The Christening of Francis, Dauphin of France

The Dauphin Francois by Jean Clouet

The Dauphin Francois by Jean Clouet

On February 28, 1518, Queen Claude of France gave birth to her third child and first son at the royal Château of Amboise. He was named Francis. There was great rejoicing at this birth and his parents were exceeding happy. Queen Claude said “Tell the King that he is even more beautiful than himself”. The proud father King Francis I said “A beautiful Dauphin, who is the most beautiful, strongest child that one could imagine, and who will be the easiest to bring up.” In celebration of his birth, bonfires were lit and all the bells of the kingdom rang.

Plans commenced for a grand, triumphal ceremony which was set for April 25, 1519. The Pope was named the child’s godfather and his godmother was his aunt the Duchess of Alençon. The Pope sent his nephew Lorenzo de’ Medici, Duke of Urbino to act as his proxy. After the christening Urbino was to marry Madeleine de La Tour d’Auvergne, daughter of the Count of Boulogne. The child’s paternal grandmother, Louise of Savoy was in charge of organizing the festivities. Her adviser was the celebrated artist Leonardo da Vinci who was residing at the French court at the invitation of King Francis. He helped design the decorations. It would be the last fête Leonardo was involved with before he died on May 2, 1519.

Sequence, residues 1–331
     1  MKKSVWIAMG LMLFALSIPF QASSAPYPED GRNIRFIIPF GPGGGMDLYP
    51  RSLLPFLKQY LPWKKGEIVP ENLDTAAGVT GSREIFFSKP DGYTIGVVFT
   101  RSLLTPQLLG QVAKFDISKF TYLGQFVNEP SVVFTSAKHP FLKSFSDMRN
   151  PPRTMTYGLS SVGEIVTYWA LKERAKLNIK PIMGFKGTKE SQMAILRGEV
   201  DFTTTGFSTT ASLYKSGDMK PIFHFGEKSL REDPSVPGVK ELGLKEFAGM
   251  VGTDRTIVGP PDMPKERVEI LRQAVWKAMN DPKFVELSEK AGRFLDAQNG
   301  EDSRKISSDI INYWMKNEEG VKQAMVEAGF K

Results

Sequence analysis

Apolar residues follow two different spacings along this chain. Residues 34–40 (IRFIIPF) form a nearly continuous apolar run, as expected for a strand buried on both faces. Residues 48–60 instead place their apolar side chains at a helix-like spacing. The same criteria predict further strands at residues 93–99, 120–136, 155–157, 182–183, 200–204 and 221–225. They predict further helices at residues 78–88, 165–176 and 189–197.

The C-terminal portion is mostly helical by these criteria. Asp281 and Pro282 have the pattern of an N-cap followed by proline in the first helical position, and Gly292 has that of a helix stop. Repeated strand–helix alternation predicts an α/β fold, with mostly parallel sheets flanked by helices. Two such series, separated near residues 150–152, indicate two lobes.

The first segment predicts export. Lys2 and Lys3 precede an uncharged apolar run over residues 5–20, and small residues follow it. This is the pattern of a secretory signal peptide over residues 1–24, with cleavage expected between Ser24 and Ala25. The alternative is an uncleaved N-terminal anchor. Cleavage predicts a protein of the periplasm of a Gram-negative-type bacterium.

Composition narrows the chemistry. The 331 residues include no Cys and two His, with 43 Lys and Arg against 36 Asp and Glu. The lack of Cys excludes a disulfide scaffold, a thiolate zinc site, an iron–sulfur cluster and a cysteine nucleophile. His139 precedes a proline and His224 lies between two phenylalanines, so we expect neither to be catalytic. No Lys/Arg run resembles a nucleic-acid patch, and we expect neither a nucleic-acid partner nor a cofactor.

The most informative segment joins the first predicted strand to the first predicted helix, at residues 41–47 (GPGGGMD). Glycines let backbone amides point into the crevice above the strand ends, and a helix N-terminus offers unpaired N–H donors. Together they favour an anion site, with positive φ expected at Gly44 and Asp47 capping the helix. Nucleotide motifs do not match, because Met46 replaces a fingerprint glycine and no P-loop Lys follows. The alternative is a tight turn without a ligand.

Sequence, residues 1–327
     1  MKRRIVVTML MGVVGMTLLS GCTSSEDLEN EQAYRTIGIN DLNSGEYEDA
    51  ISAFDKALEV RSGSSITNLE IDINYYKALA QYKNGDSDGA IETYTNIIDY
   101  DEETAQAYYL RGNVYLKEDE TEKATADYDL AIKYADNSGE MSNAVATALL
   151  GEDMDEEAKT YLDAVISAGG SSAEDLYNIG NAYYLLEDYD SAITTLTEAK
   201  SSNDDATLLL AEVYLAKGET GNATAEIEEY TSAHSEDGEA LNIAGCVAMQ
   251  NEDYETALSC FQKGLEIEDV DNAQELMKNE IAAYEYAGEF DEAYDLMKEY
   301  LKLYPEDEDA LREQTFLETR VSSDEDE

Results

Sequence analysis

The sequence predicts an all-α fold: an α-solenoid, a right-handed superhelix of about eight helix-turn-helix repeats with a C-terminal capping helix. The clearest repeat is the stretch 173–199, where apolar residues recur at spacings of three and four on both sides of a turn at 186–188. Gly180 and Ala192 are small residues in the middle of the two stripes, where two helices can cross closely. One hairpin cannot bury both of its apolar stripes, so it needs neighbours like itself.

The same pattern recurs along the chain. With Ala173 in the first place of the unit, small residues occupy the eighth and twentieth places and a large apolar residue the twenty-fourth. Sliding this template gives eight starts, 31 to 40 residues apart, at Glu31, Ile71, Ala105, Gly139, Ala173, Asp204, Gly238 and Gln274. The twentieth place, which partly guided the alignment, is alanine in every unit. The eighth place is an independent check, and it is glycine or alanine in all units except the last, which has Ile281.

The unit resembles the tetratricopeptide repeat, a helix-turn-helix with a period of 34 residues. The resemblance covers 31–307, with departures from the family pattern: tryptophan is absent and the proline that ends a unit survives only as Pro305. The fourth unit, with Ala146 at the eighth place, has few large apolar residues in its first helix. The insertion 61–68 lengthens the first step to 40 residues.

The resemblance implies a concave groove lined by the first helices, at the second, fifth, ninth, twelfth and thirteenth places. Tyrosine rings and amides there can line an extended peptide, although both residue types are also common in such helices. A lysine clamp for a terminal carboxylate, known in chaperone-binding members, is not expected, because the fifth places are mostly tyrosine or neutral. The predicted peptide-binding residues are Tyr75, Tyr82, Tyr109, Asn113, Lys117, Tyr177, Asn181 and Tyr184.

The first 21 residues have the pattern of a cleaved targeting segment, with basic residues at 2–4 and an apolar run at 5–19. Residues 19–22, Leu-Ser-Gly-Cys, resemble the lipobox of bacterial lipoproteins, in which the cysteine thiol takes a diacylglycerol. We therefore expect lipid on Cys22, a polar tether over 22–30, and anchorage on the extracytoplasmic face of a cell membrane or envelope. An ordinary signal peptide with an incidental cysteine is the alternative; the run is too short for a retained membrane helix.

Amboise was filled to overflowing with guests with Louise greeting everyone as they arrived along with an outstanding array of nobles, including the Duke of Bourbon. There were a thousand candles in the courtyard which was covered with a tent made of cloth of gold and embroidered with fleurs-de-lis. From the tent there was a bridge lined with carpet of velvet with pillars covered with gold. An archer stood beside each pillar holding a torch. It was raining during the ceremony but everything was arranged so no one would get wet.

The cortege began and was headed by the music. The trumpets of the Queen, the King and Princes, all with banners hanging, blared. These were followed by the gentlemen of the royal Households and the Heralds of Savoy, Brittany, Normandy and the Dauphiné with their chamberlains. Behind them were many men in uniform and then the officers of the King’s household.

Next in line were those who had the honor of carrying the instruments of the baptism. The Duke of Vendôme carried the bonnet for the baby and the Monseigneur de St Paul carried the basin. The Constable Bourbon walked with a candle made of virgin wax, the Duke of Alençon with the salt and Monsieur de Lescun bearing the cushion covered with cloth of gold.

Lorenzo de' Medici, Duke of Urbino acted as the representative of the Pope as godfather at the baptism and carried the baby in the ceremony

Lorenzo de’ Medici, Duke of Urbino acted as the representative of the Pope as godfather at the baptism and carried the baby in the ceremony